A playground is about the last place I want to be when the temperature hits 90 degrees and above. And that's why my kids and I have been seeking out fun activities at indoor places across the Triangle lately.
If you haven't been to Duke University's Nasher Museum of Art in Durham, put it on your list. The museum is offering free crafts for all ages for the second summer. And it recently opened "The Uncertain Museum," a highly interactive exhibit that my kids loved.
"We want people to come in and make personal connections to the art," the museum's Wendy Livingston tells me.
I wrote earlier about the museum's summer make and take craft series. The activities, scheduled through Aug. 23 from 10 a.m. to noon on Tuesdays and 5 p.m. to 7 p.m. on Thursdays, are free and designed for all ages.
This week, a museum volunteer helped my kids make a Nasher memory book with paper and copies of pictures in the museum's collection.
My two-year-old was happy scribbling with marker and gluing a few of the pictures in her book. My seven-year-old glued each picture carefully in her book and then, on her own, decided to find each picture in the gallery and write down the title and artist. Of course, her younger sister was right there behind her, pencil in hand, "writing" down the information too. It was a great way to spend an hour or so.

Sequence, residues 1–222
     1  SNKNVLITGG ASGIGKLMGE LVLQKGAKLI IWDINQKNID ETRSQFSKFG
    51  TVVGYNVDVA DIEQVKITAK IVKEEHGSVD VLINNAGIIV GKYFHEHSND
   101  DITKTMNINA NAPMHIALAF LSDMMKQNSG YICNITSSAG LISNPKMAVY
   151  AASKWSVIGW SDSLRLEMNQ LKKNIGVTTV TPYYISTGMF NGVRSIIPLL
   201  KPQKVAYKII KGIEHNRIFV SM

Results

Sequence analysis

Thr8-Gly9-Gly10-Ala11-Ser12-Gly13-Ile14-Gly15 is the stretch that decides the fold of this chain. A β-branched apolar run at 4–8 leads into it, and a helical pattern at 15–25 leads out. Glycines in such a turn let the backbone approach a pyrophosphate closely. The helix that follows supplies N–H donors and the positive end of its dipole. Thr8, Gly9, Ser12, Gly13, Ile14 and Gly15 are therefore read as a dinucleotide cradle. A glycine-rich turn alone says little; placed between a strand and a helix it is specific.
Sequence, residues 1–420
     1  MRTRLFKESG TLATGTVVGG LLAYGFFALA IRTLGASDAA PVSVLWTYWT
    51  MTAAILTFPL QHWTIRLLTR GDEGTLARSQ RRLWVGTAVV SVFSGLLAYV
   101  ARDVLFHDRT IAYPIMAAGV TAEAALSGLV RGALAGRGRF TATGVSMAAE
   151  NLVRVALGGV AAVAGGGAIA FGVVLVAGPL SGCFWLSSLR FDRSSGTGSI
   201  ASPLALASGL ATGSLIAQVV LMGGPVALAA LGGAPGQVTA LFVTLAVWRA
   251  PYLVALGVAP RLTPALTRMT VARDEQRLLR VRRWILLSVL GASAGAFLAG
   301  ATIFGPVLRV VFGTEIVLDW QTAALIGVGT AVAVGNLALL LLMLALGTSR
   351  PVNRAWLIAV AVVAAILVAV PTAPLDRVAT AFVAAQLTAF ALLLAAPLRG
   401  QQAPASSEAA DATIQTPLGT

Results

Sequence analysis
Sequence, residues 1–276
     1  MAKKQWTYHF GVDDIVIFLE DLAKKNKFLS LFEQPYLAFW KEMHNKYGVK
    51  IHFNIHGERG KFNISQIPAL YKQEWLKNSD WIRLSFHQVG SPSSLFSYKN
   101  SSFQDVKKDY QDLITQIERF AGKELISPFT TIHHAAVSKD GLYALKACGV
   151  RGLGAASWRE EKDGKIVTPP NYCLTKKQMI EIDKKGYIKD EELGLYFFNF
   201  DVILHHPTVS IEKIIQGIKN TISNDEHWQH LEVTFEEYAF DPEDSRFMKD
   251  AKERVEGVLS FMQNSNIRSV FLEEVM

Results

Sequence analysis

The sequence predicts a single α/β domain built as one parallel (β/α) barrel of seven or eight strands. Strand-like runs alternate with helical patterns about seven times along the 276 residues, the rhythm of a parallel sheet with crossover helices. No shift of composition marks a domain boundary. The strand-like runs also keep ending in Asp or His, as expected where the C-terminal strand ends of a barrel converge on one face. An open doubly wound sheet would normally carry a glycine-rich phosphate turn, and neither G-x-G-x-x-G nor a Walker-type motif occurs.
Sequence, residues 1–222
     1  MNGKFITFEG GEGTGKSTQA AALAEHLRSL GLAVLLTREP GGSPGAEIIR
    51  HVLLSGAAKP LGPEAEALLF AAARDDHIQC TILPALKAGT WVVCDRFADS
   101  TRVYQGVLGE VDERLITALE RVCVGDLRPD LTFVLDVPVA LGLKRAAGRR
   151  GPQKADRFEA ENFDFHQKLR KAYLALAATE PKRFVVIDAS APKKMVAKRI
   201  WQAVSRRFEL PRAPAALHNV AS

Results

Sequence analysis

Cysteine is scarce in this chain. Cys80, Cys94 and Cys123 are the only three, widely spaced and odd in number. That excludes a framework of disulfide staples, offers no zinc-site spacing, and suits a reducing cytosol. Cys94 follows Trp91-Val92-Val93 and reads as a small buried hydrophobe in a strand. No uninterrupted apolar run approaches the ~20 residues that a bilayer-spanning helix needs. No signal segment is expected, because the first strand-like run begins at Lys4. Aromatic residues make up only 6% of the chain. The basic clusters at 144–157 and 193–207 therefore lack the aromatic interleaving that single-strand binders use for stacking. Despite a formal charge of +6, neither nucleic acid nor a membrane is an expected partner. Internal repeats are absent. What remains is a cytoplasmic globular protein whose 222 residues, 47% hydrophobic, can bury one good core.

Here's the rest of the schedule for the summer:
July 31 and August 2: Create your own shiny jewelry inspired by pieces from the “Containing Antiquity” exhibition.
August 7 and August 9: Use modeling clay to make your own animal figure similar to those on display in the exhibition “Containing Antiquity.”
August 14 and August 16: Create colorful collages inspired by the work of Romare Bearden.
August 21 and August 23: Combine “junk” from the Durham Scrap Exchange into your own John Chamberlain-inspired
Also at the Nasher this summer is "The Uncertain Museum," a piece by artist Olafur Eliasson. Visitors actually walk into this large, interactive installation. Inside, you'll see large glass discs hanging down. You can see your reflection in the mirrored glass, along with all kinds of shadows. Outside, other visitors can see changing shapes from the discs and your shadows. My kids - 7 and 2 - had a blast inside and out. So did a group of teenagers who were there when we were. Eliasson encourages people to take pictures of their experience. The piece is at the museum through Sept. 30.
Learn more about both the make and take series and "The Uncertain Museum" in my video interview with Livingston.
The Nasher Museum of Art at Duke is open 10 a.m. to 5 p.m., Tuesday, Wednesday, Friday and Saturday; 10 a.m. to 9 p.m., Thursday (it's free to all from 5 p.m .to 9 p.m.); and noon to 5 p.m., Sunday. Admission is $5 and free for kids 15 and under.
Mark your calendars: The museum's next free family day is noon to 4 p.m., Sept. 23.
Looking for other things to do with the kids? Check our database of park and playground reviews and list of posts on Triangle family destinations. Go Ask Mom features places to take kids every Friday.